Broncos Country has long clamored for the team’s inside linebacker room to receive an upgrade, and they got their wish last season with the emergence of Baron Browning.

However, linebacker remains a relatively serious position of need and an area of the roster the Denver Broncos are sure to try and upgrade at the NFL Draft.

Who should the team target in the middle rounds? We’ll sift through three potential candidates here.

Troy Andersen, Montana State

Considering the Broncos already have a stable of reliable players at the position, with Baron Browning, Josey Jewell, Alex Singleton and even Jonas Griffith — thanks to a promising audition down the stretch of 2021 — they can afford to bet on traits.

Traits are something Troy Andersen has in spades, though unfortunately, as of now he’s more of an athlete than a linebacker.

Andersen’s athleticism is remarkable, earning all-conference honors at quarterback, running back and, finally, linebacker during his time at Montana State. With that in mind, Andersen is very new to the linebacker position, and as a result, has a lot of major deficiencies remaining in his game.

Andersen is one of the most frustrating players in this class to study. He has almost every measurable a scout could covet in a linebacker, but his technique is so unrefined that it severely limits him.

For example, his excellent movement skills and frame allow him to match up with any tight end or running back from an athleticism standpoint, but his lack of feel and anticipation leads to him getting beat by inferior athletes far too often. Another example is that his impressive strength, length and motor should make him excellent at attacking the line of scrimmage and shedding blocks, but his hand technique is so poor he struggles to fight off opposing linemen. This problem is compounded by the fact that his slow processing ability and reactionary style of play lead to him having to take on more blocks and face more contact than he would have seen if he was a more instinctive player.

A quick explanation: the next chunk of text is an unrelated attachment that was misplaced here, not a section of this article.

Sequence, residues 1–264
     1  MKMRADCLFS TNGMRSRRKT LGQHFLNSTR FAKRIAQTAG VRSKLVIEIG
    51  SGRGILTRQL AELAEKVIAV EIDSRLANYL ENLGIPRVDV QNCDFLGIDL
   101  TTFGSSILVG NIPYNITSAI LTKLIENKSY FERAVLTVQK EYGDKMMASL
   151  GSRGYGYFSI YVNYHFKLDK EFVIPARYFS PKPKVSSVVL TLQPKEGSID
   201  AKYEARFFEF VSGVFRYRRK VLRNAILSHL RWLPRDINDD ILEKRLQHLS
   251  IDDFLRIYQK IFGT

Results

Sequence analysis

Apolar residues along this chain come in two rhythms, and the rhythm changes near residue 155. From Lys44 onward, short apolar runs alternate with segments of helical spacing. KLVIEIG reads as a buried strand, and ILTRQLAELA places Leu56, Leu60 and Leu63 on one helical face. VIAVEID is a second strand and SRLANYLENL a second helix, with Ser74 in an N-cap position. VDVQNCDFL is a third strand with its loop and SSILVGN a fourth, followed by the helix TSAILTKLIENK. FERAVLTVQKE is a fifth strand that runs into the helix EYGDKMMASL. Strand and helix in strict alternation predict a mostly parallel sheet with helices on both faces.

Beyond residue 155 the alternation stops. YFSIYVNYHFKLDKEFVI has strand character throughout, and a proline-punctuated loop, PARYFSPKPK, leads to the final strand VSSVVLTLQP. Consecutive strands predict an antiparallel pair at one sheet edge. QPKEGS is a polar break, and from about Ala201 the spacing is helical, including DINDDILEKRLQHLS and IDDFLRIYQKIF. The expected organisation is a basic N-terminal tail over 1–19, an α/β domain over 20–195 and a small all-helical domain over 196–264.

Andersen is a supreme athlete with a very, very limited ‘bag’, as they would say in the NBA. He has just about every trait you would want from the linebacker position, including an anything-for-the-team mindset and gritty demeanor, but he fails to check seemingly all the other boxes.

If the Broncos want to bet on their coaching staff being able to develop the underdeveloped ball of clay that Andersen is, into something extraordinary, it could be a very fun selection. However, that extraordinary version of Andersen is a long way away, as it stands.

Leo Chenal, Wisconsin

The Broncos re-signed Josey Jewell but they also chose to not make a long-term commitment to him, and could easily move on next offseason. If that was the path they wanted to take, Leo Chenal could be an excellent selection to have waiting in the wings, before taking over the starting job in year two.

Chenal is a sublime defender between the tackles and consistently wreaked havoc on opposing offensive fronts for the Badgers. He has an excellent feel for his run fits and responsibilities and instinctively sorts through the backfield action to make a big play.

When he squares up an opposing back, it’s game over.

Chenal delivers thunderous hits and has nice technique that means he barely misses his targets. His limited athletic ability can lead to more elusive players forcing a missed tackle, but those instances are few and far between.